The Last Hike of the Summer

The day started like most summer days with a brilliant sun peaking over the mountain peaks and warming the valley below.  We met up that morning at the Thomas Canyon Campground in the scenic Ruby Mountains. As I rounded the corner and pulled into the gravel parking area my comrades were basking in the sun. We unloaded our gear comparing and discussing what each other brought.  Before starting out, we each picked out what we wanted to bring to our Freeze-Dried Dinner potluck that evening; appetizing entrees like Beef Stroganoff, Sweet and Sour Chicken and Leonardo de Fettuccine were on the Menu. Anticipation filled each of us as we hosted our pack onto our backs and set off for the trailhead.   For those who have hiked Thomas Canyon, you know once you are passed the first 200 feet of steep trail, you’ll be fine.  With smiles on our faces we took that first step up the steep path and began our journey. The aspen trees were just starting to show signs of Autumn, and showed just a hint of yellow.  Image

The weight of my pack changes my center of gravity; I am always thankful that I bring a hiking stick to compensate the off set. Once we topped the first slope, we took a break to admire the scenery.  The gentle slope of the mountain blanketed with the changing greenery, and crowned with rocky peaks. Across the creek was an old beaver dam that had been there for decades, but had recently succumbed to the power of Mother Nature this spring.  The day warmed and we shed the legs on our convertible pants to shorts. Making our way along the trail the evidence of beaver activity was everywhere with cut branches and drag paths.  The last mile before the meadow was still lined in Indian Paint brush and larkspur flowers. The meadow at the end of the trail was tucked into a pocket of the canyon with a hanging valley above it. It was full of grass and at the far end. There was a formable headwall and a waterfall cascading down hundreds of feet. There we stopped and enjoyed our lunch, of granola and apples.  We, being seasoned backpackers, decided to continue off trail up the headwall to the hanging valley perched at the very end of the canyon. We climbed up over rockslides and through thick brush to reach the back of the canyon.  There we found a serene oasis with a pond made by a beaver dam and evergreen trees poking out of thickets of red and orange willow.  This was the place that we sought so we set up our camp.   That evening we prepared a potluck with freeze-dried meals. Each of us had brought two different entrées and we sampled each one, and voted which were our favorites.  As it grew dark, the cold night air blew. So, we slipped on our jackets and started a fire. Clouds blew over our heads but we still got glimpses of the stars in the Milky Way.  We joked and told stories of other backpacking adventures until wariness caught up with us.  There is nothing quite like being snuggled up in your sleeping bag listening to the trickle of a water from a creek, with a light breeze blowing away your troubles.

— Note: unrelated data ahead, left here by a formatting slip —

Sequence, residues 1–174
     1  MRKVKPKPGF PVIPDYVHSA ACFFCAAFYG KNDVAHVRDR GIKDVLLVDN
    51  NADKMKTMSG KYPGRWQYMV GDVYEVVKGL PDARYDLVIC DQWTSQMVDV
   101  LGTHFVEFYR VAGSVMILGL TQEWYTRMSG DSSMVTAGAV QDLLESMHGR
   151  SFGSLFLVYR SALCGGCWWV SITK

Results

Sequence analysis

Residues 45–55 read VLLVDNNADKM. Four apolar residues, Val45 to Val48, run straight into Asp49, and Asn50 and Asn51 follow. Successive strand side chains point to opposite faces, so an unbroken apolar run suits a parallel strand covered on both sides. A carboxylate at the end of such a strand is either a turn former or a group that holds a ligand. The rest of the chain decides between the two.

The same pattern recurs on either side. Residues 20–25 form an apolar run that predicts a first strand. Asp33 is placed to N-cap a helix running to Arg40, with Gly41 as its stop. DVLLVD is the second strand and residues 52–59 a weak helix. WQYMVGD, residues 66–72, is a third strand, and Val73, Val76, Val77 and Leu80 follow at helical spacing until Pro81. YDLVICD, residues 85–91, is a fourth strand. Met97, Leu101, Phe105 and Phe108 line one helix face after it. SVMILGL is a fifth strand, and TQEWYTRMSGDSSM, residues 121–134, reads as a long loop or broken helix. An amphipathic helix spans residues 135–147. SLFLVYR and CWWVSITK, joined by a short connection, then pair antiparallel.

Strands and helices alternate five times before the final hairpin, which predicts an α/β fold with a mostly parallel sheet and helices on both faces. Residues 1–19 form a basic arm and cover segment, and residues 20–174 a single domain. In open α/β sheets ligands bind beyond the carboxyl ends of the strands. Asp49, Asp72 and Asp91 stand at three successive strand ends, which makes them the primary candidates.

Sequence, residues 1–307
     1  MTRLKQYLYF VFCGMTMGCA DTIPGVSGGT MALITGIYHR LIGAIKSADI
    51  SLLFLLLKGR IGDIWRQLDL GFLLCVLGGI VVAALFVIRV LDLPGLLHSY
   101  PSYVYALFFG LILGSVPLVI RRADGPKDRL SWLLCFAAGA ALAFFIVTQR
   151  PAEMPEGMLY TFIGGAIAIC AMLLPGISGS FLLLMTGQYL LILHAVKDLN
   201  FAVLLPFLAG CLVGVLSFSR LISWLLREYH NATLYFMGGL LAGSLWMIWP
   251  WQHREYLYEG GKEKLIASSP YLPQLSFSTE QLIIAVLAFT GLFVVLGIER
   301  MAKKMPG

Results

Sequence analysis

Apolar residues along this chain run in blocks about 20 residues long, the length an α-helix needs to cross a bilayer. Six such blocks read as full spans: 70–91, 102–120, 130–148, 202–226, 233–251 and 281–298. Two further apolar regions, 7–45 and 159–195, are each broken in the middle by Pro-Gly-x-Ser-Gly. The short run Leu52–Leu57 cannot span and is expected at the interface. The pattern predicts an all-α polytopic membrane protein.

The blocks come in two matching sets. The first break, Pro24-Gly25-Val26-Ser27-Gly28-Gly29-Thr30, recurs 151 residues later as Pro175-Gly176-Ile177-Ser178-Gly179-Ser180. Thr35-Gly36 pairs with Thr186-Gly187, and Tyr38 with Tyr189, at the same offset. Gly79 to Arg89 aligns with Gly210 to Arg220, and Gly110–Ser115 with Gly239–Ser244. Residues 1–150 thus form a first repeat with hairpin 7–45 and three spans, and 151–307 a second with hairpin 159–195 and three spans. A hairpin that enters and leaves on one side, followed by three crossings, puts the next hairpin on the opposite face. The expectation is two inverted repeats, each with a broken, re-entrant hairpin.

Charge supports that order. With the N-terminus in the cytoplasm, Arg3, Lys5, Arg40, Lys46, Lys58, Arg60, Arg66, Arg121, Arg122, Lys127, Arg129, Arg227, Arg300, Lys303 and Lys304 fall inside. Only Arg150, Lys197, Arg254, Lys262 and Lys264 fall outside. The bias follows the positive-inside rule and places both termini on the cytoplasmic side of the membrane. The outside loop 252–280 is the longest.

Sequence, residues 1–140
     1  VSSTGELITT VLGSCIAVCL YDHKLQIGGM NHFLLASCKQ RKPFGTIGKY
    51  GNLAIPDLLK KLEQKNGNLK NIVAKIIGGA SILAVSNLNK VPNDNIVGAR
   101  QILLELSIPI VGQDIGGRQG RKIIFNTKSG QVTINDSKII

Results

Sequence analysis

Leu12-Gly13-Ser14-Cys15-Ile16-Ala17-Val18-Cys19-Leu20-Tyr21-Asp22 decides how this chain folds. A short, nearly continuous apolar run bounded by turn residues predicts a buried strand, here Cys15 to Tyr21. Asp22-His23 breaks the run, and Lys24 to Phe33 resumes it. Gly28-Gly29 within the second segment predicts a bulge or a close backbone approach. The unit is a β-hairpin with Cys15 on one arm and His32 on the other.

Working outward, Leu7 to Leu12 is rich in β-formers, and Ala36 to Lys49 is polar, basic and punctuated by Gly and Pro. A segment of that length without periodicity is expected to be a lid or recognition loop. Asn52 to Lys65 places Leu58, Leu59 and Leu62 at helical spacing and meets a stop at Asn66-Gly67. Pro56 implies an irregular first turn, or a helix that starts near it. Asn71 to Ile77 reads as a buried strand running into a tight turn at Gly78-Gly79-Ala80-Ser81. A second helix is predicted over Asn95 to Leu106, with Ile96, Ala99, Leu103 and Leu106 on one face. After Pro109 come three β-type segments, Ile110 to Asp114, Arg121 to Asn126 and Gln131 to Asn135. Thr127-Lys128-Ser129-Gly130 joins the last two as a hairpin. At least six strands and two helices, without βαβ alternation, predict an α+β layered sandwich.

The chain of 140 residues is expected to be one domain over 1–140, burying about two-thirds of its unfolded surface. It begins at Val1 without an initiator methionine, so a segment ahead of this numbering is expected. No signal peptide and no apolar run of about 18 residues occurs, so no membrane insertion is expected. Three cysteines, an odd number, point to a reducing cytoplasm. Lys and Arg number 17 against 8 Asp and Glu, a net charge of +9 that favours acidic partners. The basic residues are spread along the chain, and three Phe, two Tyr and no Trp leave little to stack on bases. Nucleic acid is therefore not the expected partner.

I awoke the next morning to a dim light.  The air was cold and crisp; I got dressed and unzipped my tent. To my surprise everything was covered in a light fluffy layer of snow! Ooh it looks like winter reared its head early this year.  As I crawled out into this new wonderland my comrades began emerging too.

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All of us as puffy as the new snow in our down jackets, and ski hats. Forget your gloves use an extra pair of socks! Sock Hands!!

 

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We heated some water and started our breakfast feast! Oatmeal, eggs and bacon (freeze dried) and of course coffee, Yum!  Image

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After breakfast we pack up camp and made our way through the snow flurries.  Misty clouds blew across us obscuring the landscape ahead like some sort of deep hazy dreamscape. Image

Slowly we descended out of winter’s haze and reached the green meadow below. There we took a break to enjoy the serenity of the morning. Looking from the lush meadow, back to where we had just been everything seemed to be covered in a frosty layer.

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The contrast was clearly visible almost like a line had been draw to split winter and summer.  We leisurely made our way down the trail passed the old beaver dams and trees.Image

The aspens seemed a touch more yellow then the day before. The farther we walked the warmer it got and we began shedding layers to the point when we reached the trailhead again all of us were in base layers.

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 The journey took us through what seemed like a different world. The calm and tranquility of nature squelched our worries, the change of seasons awakened our senses and the physical exertion revved up our hearts. We lingered at our vehicle savoring the last bit of glorious nature before returning to the chaos of reality. What a fantastic way to spend any weekend.

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2 Responses to The Last Hike of the Summer

  1. Delynn Jones says:

    Nature always provides a new experience, one of the many reasons we love to hike and backpack. Nature has given us a lifetime of wonderful memories. Delynn Jones

  2. Heather says:

    I appreciate your accounting of your backpacking! Sounds like a wonderful time.

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